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Alexander Hawkins


“Alexander Hawkins creates an adventurous and deeply personal synthesis which draws from both jazz and classical wellsprings.”

– John Sharpe, All About Jazz

"Alexander Hawkins creates an adventurous and deeply personal synthesis which draws from both jazz and classical wellsprings."

English pianist and composer Alexander Hawkins (b. 1981) has recently visited Finland at least two times at the Kerava Jazz, however, then as one musician within an ensemble. Now, the Tampere Jazz Happening provides for him the maximal opportunity to perform on his own both as improviser and composer. Hawkins will open the final Sunday afternoon event at Tullikamari’s Pakkahuone with a solo concert, which may also be ear-opening at once.

Or at least something to this effect one may expect from this concert because Hawkins, who studied law in Cambridge and earned his PhD in criminology, is one original musician who has been hailed in his home country as one of the top jazz pianists of his generation. He has released approximately twenty of his own albums with various ensembles, and also played in thirty other albums – being led by, e.g. saxophonists Anthony Braxton, Evan Parker, and Roberto Ottaviano whose Italian quintet Hawkins is a member in and with whom he gets to perform at Pakkahuone already on Saturday.

Solo albums, which in general require quite a lot from a pianist, are nevertheless in a clear minority within Hawkins’ discography. Thus far, there are only two: Song Singular (2014), recorded in June 2012 and Iron Into Wind (Pears From An Elm) (2019), consisting completely of his original compositions. However, even the latter album is not – having been recorded in 2018 – anymore very recent.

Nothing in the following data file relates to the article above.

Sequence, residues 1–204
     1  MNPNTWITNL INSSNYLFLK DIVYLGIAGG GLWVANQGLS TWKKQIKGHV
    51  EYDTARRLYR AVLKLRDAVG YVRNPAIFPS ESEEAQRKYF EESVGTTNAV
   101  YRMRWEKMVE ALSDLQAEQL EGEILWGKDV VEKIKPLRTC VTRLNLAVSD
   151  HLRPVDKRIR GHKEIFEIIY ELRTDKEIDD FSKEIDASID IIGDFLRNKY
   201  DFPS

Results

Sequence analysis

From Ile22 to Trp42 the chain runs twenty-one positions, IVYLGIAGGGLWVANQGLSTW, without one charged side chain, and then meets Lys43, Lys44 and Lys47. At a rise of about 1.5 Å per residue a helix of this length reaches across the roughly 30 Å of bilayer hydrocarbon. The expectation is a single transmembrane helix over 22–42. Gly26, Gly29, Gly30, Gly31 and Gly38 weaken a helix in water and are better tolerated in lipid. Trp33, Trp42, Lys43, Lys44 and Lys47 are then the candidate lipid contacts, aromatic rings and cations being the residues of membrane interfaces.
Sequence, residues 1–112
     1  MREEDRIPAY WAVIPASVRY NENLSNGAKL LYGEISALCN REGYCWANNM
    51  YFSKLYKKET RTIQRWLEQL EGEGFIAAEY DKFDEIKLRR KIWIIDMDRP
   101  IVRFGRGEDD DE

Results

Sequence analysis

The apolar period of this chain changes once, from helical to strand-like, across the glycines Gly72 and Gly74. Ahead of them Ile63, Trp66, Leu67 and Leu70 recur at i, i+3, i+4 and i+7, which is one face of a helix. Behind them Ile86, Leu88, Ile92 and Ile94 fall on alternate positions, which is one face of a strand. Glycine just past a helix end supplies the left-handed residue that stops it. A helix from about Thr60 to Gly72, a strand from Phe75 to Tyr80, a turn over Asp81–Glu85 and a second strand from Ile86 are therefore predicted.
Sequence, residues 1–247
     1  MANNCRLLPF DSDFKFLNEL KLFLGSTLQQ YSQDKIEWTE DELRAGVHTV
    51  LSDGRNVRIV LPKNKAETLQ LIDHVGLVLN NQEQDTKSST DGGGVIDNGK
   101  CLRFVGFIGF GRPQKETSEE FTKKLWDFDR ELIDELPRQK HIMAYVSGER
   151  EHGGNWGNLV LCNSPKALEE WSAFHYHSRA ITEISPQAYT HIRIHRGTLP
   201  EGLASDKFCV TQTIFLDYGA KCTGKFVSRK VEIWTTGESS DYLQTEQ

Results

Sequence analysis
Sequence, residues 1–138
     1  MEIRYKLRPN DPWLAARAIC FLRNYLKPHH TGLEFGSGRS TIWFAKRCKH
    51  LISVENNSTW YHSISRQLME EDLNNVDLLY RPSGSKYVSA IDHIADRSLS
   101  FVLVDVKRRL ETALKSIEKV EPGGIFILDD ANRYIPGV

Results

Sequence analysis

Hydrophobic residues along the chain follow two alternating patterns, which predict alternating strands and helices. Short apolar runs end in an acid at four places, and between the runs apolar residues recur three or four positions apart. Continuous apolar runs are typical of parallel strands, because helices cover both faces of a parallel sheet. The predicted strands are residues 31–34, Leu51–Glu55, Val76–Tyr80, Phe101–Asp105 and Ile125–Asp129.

After that album release, Hawkins describes that his style became more forthright in a bit similar way as many of his early influences’ styles, from Thelonious Monk to Mal Waldron: not everything has to be played even if you are more than able to do so. This insight might be connected to the name of the album Iron Into Wind as this is exactly how writer Eduardo Galeano characterizes Spanish Eduardo Chillida’s large steel statues, which are despite their massiveness “light and in constant motion”. Will this prediction come true in this solo piano performance?

Photos © Francesca Patella & David Laslowski


Alexander Hawkins – piano